For every week since 2002, Planetary Radio has visited with a scientist, engineer, project manager, advocate or writer who provides a unique perspective on the quest for knowledge about our solar system and beyond. We also showcase regular features that raise your space IQ while they put a smile on your face.
Fifteen years before Sputnik, on a bright 1942 afternoon in northern Germany, a thundering machine of metal and fire pierced the sky, ultimately touching the edge of space for the first time in history. It opened a new era of opportunity and terror with rocket technology. Dr. Michael Neufeld joins us discuss the significance of this test and how it happened.
The Australian government announced that it would create a national space agency at the 68th annual International Astronautical Congress in Adelaide. We’ll talk with IAC 2017 CEO Brett Biddington about what this means for his country.
The multi-billion dollar, multi-decade Cassini mission is about to end. A new report tries to answer an important question: are flagship science missions like Cassini worth the effort and expense? And how can NASA maximize the value of these endeavours? Dr. Ralph McNutt, co-chair of the National Academies study, reviews the report’s recommendations.
It’s the Grandest Finale. The spectacular Cassini mission’s exploration of Saturn will end on September 15th when the spacecraft plunges into the planet. Cassini Project Scientist Linda Spilker is back with one last mission update.
JPL astrophysicists Alina Kiessling and Jason Rhodes were brought together by their fascination over the mystery of dark energy. They talk with Planetary Radio about their research and the many missions they are contributing to, including WFIRST, a unique new space telescope.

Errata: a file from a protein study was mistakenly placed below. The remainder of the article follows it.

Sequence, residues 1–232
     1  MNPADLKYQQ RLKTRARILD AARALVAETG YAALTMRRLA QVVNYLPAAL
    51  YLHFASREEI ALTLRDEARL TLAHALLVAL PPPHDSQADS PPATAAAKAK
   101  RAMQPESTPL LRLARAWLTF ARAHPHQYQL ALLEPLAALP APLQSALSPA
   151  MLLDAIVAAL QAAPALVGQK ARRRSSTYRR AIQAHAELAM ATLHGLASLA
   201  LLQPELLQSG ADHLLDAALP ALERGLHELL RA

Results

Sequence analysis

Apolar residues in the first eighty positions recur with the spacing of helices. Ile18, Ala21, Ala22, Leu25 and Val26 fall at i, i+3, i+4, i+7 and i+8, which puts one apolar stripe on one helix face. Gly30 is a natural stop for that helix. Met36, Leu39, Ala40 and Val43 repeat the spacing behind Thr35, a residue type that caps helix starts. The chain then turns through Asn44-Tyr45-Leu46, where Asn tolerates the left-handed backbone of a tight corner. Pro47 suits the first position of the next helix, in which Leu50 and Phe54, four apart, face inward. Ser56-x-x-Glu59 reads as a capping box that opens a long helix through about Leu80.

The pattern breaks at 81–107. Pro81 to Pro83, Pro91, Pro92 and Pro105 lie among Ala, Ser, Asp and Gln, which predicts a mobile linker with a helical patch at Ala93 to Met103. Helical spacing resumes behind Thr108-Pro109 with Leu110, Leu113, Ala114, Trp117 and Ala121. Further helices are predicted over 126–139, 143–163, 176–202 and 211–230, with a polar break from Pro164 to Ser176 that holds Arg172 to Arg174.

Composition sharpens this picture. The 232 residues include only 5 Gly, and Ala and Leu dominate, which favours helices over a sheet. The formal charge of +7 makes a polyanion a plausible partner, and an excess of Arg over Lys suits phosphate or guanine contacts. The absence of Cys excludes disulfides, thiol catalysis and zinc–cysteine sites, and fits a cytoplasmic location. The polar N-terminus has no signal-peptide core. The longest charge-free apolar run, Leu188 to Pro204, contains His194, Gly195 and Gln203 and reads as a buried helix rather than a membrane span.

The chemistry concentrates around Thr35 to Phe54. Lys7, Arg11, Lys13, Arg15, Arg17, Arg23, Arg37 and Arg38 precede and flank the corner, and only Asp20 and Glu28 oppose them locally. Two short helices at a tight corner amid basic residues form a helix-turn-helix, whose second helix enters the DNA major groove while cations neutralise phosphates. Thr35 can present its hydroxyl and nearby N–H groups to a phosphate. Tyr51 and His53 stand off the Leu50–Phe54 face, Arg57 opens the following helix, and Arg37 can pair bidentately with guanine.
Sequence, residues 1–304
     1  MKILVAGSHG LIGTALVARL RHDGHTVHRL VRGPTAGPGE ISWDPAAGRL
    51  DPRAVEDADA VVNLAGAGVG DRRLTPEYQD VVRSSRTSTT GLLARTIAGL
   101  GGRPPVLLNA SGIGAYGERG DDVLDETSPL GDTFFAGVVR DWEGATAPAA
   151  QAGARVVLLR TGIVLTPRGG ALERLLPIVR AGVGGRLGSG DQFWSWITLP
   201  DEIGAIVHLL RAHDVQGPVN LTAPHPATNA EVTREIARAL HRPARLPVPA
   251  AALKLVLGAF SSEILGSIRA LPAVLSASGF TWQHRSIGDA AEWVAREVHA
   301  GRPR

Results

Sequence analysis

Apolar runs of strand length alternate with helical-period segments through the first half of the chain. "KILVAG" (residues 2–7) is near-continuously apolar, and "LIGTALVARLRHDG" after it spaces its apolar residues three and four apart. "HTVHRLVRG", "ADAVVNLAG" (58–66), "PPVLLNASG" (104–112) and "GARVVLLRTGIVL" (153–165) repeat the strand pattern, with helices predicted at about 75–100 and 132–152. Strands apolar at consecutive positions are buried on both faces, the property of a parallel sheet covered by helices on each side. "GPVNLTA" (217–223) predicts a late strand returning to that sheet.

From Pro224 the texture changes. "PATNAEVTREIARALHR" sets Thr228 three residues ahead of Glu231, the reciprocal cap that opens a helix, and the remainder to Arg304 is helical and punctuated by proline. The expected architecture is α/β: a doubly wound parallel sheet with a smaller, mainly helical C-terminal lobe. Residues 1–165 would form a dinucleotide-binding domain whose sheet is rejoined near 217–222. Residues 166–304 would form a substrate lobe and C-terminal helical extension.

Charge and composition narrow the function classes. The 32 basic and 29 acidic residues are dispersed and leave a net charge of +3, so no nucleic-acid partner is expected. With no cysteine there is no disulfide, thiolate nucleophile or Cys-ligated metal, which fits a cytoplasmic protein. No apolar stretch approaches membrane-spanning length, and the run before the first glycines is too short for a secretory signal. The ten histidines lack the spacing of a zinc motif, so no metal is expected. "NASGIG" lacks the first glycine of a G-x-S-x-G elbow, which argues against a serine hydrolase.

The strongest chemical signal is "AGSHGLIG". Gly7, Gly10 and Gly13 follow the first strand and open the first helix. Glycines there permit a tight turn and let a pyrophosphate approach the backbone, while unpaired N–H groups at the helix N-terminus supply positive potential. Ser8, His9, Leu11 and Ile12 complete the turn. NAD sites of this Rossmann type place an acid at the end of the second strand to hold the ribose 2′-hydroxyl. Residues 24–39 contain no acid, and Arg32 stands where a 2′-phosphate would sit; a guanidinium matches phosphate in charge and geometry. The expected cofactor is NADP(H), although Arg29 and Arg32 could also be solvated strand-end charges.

New U.S. sanctions against Russia have reignited speculation that global politics could undermine cooperation in the International Space Station. Could Russia cut off rides for US astronauts to the ISS? Later, Casey Dreier joins Spark Science host Dr. Regina Barber Degraaff for a conversation with U.S. Congressman Rick Larsen, Democratic representative of Washington state’s 2nd District. We also check in on NASA's 2018 budget, which is currently moving through the Senate. Did they provide funding for a new Mars orbiter?
The world’s most powerful solar telescope has just been renamed for the man responsible for its creation. We’ll meet astrophysicist and helioseismologist Phil Goode, and we’ll enjoy a tour of the Goode Solar Telescope.
Will humans live, work and thrive on Mars? What challenges must be met before we can become Martians? On July 20th, the anniversary of the Apollo 11 moon landing, Mat Kaplan welcomed an outstanding panel of experts for conversation in front of a Pasadena, California audience.
The Cassini Mission has less than two months to go before it ends with a spectacular plunge into the beautiful ringed world. Planetary Society Senior Editor Emily Lakdawalla has prepared a guide to the last orbits by the historic spacecraft.
When the Pathfinder lander reached Mars 20 years ago it began a Martian renaissance that has never paused. JPL scientist Matt Golombek was the mission’s Project Scientist. He looks back and to the future of our explorations at the Red Planet.
A new report builds the case for long overdue returns to Uranus and Neptune, while another proposal calls for exploration of the many bodies in our solar system that hide vast water oceans. Jason Callahan, Casey Dreier and Mat Kaplan dive into the troubled waters that determine which planetary science missions will get the limited funds available.
Asteroid Day, June 30th, marks the anniversary of the great Tunguska impact that leveled a Siberian forest. It reminds us that a Near Earth Object can destroy a city or even a civilization. Former Minor Planet Center Director Tim Spahr reviews our efforts to find and understand these bodies.